The employment tribunal upheld her claim. The police rules governing the reductions in pay for maternity leave did not apply to the allowance. Not paying her the allowance whilst on maternity leave was direct sex discrimination. The employer appealed. The EAT agreed with the employment tribunal. The workplace rules about the allowance simply said that London officers would receive a London allowance. The employee remained a London police officer during maternity leave and was therefore entitled to the allowance. The Court of Appeal agreed that the allowance was due under the police rules about pay. However, they said that its non-payment was not direct sex discrimination. It wasn’t paid due to a misunderstanding by the employer that the allowance was ‘pay’ and therefore could be paid (and reduced) in the same way on maternity leave as the employee’s salary. Its non-payment was not because of sex. In dismissing the direct discrimination claim, the Court allowed the employee’s cross-appeal against the dismissal of her indirect discrimination claim in relation to the same facts. However, in doing so, the Court strongly suggested that the parties come to some sort of compromise. It was now clear that the allowance should have been paid during maternity leave and the sum involved was relatively small compared to the legal costs of defending an indirect discrimination claim.
This case shows that a genuine non-discriminatory reason – such as mistake – can foil a direct sex discrimination claim. It is perhaps also an example of using a sledgehammer to crack a nut. The sums involved here were relatively small, the issues easily established, and the employee remained in employment. This was a case ripe for settlement from the beginning. It is also a reminder that mistakes can turn out to be costly. Consideration of commercial settlement at an early stage is advisable in such cases.
The silver linings to the Covid-19 cloud often involve a new sourdough habit or less time commuting. The Office for National Statistics has done a study of working patterns during the pandemic which may show some more unexpected silver linings. Unsurprisingly, the study (which looked at working patterns over the last 10 years) showed that more of us are working at home, rising to more than a third of the population during the pandemic.
Far from showing homeworking meant slacking off, the survey showed that there was an unpaid overtime boom in favour of employers during the pandemic. Full time homeworkers did the most unpaid overtime in 2020, with an average of 6 hours a week of unpaid overtime compared to 3.6 hours a week for non-homeworkers. The study also showed that sickness levels for homeworkers actually fell during the pandemic, albeit at just under 1 per cent. There is a suggestion that this may mean people are working through periods of illness rather than taking time off, which may not always be a good thing.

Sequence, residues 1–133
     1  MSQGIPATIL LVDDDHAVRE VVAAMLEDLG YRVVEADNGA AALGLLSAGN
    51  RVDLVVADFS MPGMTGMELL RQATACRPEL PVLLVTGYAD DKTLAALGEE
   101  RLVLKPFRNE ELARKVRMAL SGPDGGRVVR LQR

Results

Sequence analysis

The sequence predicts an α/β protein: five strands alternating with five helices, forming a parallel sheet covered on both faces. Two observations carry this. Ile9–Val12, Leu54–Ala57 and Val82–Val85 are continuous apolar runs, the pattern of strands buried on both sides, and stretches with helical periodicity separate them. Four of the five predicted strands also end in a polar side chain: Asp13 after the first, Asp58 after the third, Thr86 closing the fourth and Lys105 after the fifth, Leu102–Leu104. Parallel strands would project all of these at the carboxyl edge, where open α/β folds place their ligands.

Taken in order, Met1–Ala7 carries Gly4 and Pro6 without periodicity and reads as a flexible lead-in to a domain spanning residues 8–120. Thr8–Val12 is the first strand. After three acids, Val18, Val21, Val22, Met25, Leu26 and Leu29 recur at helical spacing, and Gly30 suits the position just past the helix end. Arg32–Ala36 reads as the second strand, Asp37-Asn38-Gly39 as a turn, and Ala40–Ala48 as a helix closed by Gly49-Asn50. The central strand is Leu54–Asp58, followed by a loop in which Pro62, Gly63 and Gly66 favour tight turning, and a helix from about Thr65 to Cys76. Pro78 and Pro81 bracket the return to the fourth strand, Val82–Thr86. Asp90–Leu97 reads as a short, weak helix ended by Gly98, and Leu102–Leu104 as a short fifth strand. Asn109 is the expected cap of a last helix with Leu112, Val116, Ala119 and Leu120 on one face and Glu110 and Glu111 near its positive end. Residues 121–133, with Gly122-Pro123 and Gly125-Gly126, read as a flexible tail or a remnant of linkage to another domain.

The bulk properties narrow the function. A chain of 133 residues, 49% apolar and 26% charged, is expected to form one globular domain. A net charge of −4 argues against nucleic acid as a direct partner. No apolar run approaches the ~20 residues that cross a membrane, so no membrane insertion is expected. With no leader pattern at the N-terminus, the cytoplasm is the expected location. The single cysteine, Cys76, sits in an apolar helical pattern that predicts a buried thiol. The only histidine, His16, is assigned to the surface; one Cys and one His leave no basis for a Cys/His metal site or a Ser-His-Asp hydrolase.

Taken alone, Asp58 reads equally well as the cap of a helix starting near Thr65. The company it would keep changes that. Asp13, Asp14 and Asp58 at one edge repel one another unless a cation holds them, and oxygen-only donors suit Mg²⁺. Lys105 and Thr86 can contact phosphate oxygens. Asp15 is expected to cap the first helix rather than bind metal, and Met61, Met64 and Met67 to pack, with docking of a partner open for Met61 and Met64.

Andrew Mawson of Advanced Workplace Associates has said that the data shows how much employees have embraced home working during lockdown with many wanting to retain this kind of flexibility in future. He said surveys suggest that only five per cent of employees are now happy to work five days a week in the office, from 45 per cent before lockdown. If employers can come to some sort of compromise with employees, a hybrid model of home and office working, the advantages may go further than overtime and sickness. Whether employees spend the freed-up commuting time on the sourdough starter or making an early start on work so they can do the school run, it’s easy to see how a better work-life balance is much more easily achieved. Happy employees are invariably more productive, and flexibility creates loyalty.
Disclaimer: This post is for information purposes only. Reasonable steps have been taken to provide accurate information, but no responsibility is taken by the author (Hunter Law Ltd) for any consequences arising from its usage.
This post is not intended to and does not constitute legal advice and you should instruct a solicitor formally should you require this.